Malaysia's Political Landscape in 2024: Divisions, Dilemmas and a Hopeful Vision
The political scene in Malaysia continues to be very similar to that of the year 2004, despite we have entered 2024. The news continues to be dominated by issues of race and religion, and this is true for both traditional and social media channels. Malaysia, which is composed of people of a wide range of racial backgrounds, is impacted by this unfortunate continuity.
The conversation that is taking place in Malaysia about the humanitarian catastrophe in Gaza, for example, has the potential to turn into a racial dispute. Some Malays are concerned as to why other ethnic groups are not emphatically boycotting businesses that they believe have direct or indirect ties to the Israeli government and more notably the Israeli Defence Forces (IDF).
In general, the Malays in Malaysia tend to conflate the Palestinian conflict with an Islamic affair. Evidently, this is not an erroneous understanding.
On the other hand, when the topic of conversation is Islam vs Zionism, how can we expect those who are not Muslims to empathise with us? The situation has become a humanitarian crisis. Settler colonialism is a problem that needs to be addressed. There is evidence of apartheid. The cause of this is fascism. Is this, however, the typical portrayal of the situation to a Malaysian audience? Discord has been fostered in Malaysian society as a result of this atrocity that took place several thousand kilometres away, rather than bringing Malaysians together in support of an international cause. But in the year 2024, is it unusual?
The Prime Minister made a mistake when he used the "k" word in his speech a few weeks ago. Thankfully, he immediately expressed his regret for the mistake that he had made. Despite this, there is no doubt that the government and his coalition have lost some votes among the Indian population as a result of this obvious lack of sensitivity. Examining the conversation that is taking place on social media, it is disheartening to see that there is a widespread lack of empathy on the part of all parties involved. Once again, is this unique going into 2024?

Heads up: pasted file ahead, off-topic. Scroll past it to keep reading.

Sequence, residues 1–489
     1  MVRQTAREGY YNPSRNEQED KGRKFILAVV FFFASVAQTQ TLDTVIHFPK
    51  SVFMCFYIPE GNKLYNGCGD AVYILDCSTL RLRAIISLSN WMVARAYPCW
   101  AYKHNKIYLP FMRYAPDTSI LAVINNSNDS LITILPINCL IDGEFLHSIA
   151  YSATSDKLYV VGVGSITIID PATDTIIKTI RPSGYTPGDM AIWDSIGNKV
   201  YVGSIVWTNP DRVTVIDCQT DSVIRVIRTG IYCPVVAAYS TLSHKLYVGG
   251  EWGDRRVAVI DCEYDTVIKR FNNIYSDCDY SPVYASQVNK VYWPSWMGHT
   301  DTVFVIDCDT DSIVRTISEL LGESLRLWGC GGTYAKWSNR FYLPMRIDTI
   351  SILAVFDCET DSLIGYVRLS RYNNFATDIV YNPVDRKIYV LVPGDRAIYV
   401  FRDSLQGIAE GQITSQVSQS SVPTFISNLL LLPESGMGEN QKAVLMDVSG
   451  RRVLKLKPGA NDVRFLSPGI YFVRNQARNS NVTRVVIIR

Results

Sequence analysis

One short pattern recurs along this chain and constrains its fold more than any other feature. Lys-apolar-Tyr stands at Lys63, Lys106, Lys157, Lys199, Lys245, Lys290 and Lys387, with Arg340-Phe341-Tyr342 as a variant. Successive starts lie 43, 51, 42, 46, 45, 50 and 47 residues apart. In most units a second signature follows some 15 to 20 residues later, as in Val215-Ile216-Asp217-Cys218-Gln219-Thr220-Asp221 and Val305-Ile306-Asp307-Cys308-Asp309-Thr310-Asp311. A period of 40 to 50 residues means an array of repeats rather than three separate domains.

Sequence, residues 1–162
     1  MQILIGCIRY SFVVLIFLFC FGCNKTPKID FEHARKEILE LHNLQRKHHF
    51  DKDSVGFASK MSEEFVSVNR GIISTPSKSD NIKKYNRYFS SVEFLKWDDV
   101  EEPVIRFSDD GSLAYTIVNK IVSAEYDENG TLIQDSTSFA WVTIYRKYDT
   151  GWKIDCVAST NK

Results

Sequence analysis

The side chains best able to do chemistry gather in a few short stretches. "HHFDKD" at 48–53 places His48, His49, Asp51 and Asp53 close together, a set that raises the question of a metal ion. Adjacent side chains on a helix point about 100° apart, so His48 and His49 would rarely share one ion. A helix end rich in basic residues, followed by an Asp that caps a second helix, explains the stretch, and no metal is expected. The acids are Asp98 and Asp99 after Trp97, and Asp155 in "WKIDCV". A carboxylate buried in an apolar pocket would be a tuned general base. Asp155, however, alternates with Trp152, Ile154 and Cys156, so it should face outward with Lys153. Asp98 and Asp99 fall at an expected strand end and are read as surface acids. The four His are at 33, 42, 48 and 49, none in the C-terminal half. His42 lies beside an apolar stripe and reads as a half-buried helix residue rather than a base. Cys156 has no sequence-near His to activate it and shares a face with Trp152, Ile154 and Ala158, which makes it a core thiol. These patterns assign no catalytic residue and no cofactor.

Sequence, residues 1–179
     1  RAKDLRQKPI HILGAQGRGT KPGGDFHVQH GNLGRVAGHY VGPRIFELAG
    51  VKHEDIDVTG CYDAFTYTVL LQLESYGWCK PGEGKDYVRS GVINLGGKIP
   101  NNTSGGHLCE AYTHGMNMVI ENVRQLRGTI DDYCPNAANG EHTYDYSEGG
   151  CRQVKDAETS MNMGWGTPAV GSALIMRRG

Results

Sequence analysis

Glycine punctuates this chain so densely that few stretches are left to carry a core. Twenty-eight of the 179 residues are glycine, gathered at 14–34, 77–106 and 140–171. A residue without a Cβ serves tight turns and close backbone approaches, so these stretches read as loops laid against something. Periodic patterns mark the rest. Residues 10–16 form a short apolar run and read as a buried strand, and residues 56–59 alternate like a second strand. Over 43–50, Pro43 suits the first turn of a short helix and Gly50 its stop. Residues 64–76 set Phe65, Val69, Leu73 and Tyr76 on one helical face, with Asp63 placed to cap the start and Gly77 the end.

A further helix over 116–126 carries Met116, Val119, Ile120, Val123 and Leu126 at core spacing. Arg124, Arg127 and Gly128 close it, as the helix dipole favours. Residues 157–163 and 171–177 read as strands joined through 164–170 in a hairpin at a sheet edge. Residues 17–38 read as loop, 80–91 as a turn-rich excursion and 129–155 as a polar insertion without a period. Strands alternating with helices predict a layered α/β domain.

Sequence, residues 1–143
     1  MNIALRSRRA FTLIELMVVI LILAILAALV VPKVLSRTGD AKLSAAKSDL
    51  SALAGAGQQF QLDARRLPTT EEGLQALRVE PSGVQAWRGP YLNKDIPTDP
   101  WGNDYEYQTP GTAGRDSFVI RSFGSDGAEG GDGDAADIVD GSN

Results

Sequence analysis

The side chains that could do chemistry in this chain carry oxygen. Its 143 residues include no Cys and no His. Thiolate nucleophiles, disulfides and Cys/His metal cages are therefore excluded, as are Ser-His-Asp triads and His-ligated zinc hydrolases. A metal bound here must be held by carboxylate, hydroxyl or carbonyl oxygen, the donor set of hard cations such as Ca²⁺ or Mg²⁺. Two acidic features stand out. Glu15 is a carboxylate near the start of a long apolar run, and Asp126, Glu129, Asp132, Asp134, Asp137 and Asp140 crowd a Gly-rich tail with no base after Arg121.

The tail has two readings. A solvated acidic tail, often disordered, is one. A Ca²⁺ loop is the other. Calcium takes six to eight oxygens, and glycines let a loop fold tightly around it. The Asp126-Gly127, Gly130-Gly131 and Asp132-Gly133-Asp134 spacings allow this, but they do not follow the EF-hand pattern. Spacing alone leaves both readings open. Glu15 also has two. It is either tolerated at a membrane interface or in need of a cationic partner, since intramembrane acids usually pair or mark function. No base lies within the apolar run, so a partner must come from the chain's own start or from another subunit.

Regrettably, several members of the administration have inadvertently increased the severity of the situation by bringing up issues such as local elections, a possible prime minister who is not Muslim, and the suggestion for a non-Muslim to serve on a commission that is examining the role of the Syariah court. Despite the fact that none of the aforementioned actions violate the law or the constitution, they have provided certain groups with ammo to further create divisiveness in Malaysia. Why should we do that when the political climate in our country is essentially the same as it was several decades ago?
A fraction of Malay political leaders still manages to sow conflict within the Malay community in addition to the significant divisions that exist among diverse racial groupings. One more time, the term "liberal" is used in a political context to denigrate people who have the audacity to hold a viewpoint that is contrary to the majority opinion and to question those in positions of authority. Having the chance to introduce future generations to the glorious history of Islam is something that we extremely value and respect.
However, we failed to add that this time period, which encompassed the Umayyad and early Abbasid periods, was characterised by a great deal of intellectual research and passionate dispute. It's possible that the Malay people could have improved their relationship with one another through increased mutual understanding, intellectual discourse, and knowledge. Instead, there are certain people who are actively interested in creating miscommunication and further splitting people of the same faith.
One final point to consider is that there are speculations going around that a group of Malay leaders are working together to recover power within the course of the current administration's term in office. These so-called leaders are competing for power in Malaysia under the pretext of protecting a specific group, rather than working together within the august body of Parliament to achieve their goals. In the year 2024, politics appear to be the same.
The fact that politicians flourish via divisiveness is something that does not evade me. As a realist, I recognise the validity of this statement. On the other hand, as a Malaysian who is concerned about the future of my children, I cannot help but wish that our leaders were statesmen rather than merely politicians. Politicians divide, but statesmen unite.
A developed Malaysia in which leaders prioritise the true benefit of the people over rhetorical considerations is the kind of Malaysia that I envision. A Malaysia in which individual and collective respect for one another is the foundational principle. An independent and self-assured Malaysia that is undisturbed by differences in opinion. A Malaysia in which every citizen is regarded as a member of the same family.
My hope for Malaysia to become a unified nation in 2024 seems too far-fetched at the dawn of the new year.
Syaza Shukri, PhD, is an associate professor and the current Head at the Department of Political Science, IIUM. The views expressed in this article are the author's own and do not necessarily reflect those of Sinar Daily.